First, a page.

As a rocket moves through the atmosphere, the gas molecules
of the atmosphere near the
rocket are disturbed and move around the rocket.
Aerodynamic
forces are generated between the gas and the rocket. The
magnitude of these forces depend on the shape of the rocket, the
speed of the rocket,
the mass
of the gas going by the rocket and on two other important properties
of the gas; the viscosity, or stickiness, of the gas and the
compressibility, or springiness, of the gas. To properly model
these effects, aerodynamicists use similarity parameters,
which are
ratios
of these effects to other forces present in the
problem. If two experiments have the same values for the similarity
parameters, then the relative importance of the forces are being
correctly modeled. Representative values for the properties of
the Earth's
atmosphere and the Martian
atmosphere
are given on other pages,
but the actual value of the parameter depends
on the
state of the gas
and on the
altitude.
Aerodynamic forces depend in a complex way on the viscosity of the
gas. As a rocket moves through a gas, the gas molecules stick to
the surface. This creates a layer of air near the surface, called a
boundary layer,
which, in effect, changes the shape of the
rocket. The flow of gas reacts to the edge of the boundary layer as if
it was the physical surface of the rocket. To make things more
confusing, the boundary layer may
separate from the
body and create an effective shape much different from the physical
shape. And to make it even more confusing, the flow conditions in and
near the boundary layer are often unsteady (changing in time).
The boundary layer is very important in determining the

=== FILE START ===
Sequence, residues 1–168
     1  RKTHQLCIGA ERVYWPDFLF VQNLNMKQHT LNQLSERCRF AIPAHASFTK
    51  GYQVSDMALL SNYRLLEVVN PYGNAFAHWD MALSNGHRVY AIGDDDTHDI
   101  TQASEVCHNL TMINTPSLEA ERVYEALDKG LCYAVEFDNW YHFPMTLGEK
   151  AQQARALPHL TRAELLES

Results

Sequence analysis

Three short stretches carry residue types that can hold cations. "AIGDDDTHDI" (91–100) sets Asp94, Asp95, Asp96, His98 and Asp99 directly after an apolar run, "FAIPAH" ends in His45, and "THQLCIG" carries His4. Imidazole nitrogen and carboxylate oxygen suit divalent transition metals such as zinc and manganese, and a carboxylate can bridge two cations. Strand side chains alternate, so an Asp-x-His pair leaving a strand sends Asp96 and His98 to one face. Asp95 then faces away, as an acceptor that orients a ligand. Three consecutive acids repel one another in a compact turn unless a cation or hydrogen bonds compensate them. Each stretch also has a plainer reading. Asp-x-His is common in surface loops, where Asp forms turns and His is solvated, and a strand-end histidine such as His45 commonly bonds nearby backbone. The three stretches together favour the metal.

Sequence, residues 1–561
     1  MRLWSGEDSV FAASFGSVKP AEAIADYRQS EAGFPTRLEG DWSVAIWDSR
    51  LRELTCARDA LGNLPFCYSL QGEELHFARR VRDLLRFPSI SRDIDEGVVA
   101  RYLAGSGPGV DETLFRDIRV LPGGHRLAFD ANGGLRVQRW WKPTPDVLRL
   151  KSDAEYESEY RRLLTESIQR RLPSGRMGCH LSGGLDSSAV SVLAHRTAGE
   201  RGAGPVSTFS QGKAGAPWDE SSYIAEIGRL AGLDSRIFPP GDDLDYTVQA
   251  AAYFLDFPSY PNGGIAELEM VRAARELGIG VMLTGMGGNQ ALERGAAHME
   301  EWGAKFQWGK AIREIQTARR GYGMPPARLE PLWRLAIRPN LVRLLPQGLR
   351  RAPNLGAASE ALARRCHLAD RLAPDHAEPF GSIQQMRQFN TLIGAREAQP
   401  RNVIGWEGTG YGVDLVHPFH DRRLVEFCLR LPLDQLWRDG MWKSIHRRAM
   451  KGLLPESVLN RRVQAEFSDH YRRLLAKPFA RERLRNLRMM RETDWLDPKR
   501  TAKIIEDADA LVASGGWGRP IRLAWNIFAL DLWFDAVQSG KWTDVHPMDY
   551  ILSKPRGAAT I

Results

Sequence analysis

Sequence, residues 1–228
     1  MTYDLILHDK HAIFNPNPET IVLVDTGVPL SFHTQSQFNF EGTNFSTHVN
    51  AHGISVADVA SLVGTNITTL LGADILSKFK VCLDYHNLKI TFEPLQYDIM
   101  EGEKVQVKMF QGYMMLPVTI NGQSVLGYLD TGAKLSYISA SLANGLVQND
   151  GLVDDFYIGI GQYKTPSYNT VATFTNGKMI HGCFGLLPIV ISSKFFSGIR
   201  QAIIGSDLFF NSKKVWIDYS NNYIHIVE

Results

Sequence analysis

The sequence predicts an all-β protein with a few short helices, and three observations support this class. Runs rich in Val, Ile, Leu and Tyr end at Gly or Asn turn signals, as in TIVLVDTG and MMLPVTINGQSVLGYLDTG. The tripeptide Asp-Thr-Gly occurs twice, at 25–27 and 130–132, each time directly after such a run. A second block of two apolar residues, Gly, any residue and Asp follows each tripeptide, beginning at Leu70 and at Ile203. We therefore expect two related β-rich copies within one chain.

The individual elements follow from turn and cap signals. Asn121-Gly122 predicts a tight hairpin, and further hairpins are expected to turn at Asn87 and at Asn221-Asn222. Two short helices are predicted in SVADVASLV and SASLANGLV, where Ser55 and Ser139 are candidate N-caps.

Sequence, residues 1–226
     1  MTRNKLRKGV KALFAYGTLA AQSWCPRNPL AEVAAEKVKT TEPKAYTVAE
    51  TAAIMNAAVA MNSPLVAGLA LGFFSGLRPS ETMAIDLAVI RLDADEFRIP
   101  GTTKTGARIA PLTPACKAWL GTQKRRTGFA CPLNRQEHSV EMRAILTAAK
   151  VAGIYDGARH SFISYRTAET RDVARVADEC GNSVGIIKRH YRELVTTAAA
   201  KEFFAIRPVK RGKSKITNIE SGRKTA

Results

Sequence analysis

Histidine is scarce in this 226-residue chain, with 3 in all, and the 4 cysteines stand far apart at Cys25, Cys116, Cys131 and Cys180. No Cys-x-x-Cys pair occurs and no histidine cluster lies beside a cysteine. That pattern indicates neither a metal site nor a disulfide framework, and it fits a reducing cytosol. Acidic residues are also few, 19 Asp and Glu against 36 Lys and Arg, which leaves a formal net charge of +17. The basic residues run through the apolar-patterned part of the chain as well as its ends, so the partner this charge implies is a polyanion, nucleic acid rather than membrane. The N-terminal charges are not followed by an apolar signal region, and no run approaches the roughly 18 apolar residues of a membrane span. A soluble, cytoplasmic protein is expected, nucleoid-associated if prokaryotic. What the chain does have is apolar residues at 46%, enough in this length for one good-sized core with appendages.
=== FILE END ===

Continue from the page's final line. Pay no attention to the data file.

drag
of an object. To determine and predict these conditions,
aerodynamicists rely on wind tunnel
testing and very sophisticated computer analysis.
The important similarity parameter for viscosity is the
Reynolds number. The Reynolds number expresses the ratio of
inertial (resistant to change or motion) forces to viscous
(heavy and gluey) forces. From a detailed
analysis of the
momentum conservation equation,
the inertial forces are characterized by the product of the
density r times the velocity V times the
gradient of the velocity dV/dx. The viscous forces
are characterized by the viscosity coefficient mu times
the second gradient of the velocity d^2V/dx^2. The
Reynolds number Re then becomes:
Re = (r * V * dV/dx) / (mu * d^2V/dx^2)
Re = (r * V * L) / mu
where L is some characteristic length of the problem. If
the Reynolds number of the experiment and flight are close, then we
properly model the effects of the viscous forces relative to the
inertial forces. If they are very different, we do not correctly
model the physics of the real problem and predict incorrect levels of
the aerodynamic forces.
Aerodynamic forces also depend in a complex way on the
compressibility of the gas. As a rocket moves through the gas, the
gas molecules move around the rocket. If the rocket passes at a low
speed (typically less than 200 mph) the density of the fluid
remains constant. But for high speeds, some of the energy of the
rocket goes into compressing the fluid and changing the density,
which alters the amount of resulting force on the object. This
effect becomes more important as speed increases. Near and beyond the
speed of sound (about 330 m/s or 700 mph on earth),
shock waves are produced that affect
the drag of the rocket. Again, aerodynamicists rely on wind
tunnel testing and sophisticated computer analysis to predict these
conditions.
The important similarity parameter for compressibility is the
Mach number  M, the ratio of the velocity
of the rocket to the speed of sound a.
M = V / a
So it is completely incorrect to measure a drag
coefficient at some low speed (say 200 mph) and apply that drag
coefficient at twice the speed of sound (approximately 1400 mph, Mach
= 2.0). The compressibility of the air alters the important
physics between these two cases.
The effects of compressibility and viscosity on drag are contained
in the drag coefficient.
For propulsion systems, compressibility
affects the amount of mass that can pass
through an engine and the amount of thrust
generated by a rocket nozzle.
Guided Tours

Compressible Aerodynamics:

Viscous Aerodynamics:

Scalars:
Activities:
Related Sites:
Rocket Index
Rocket Home
Beginner's Guide Home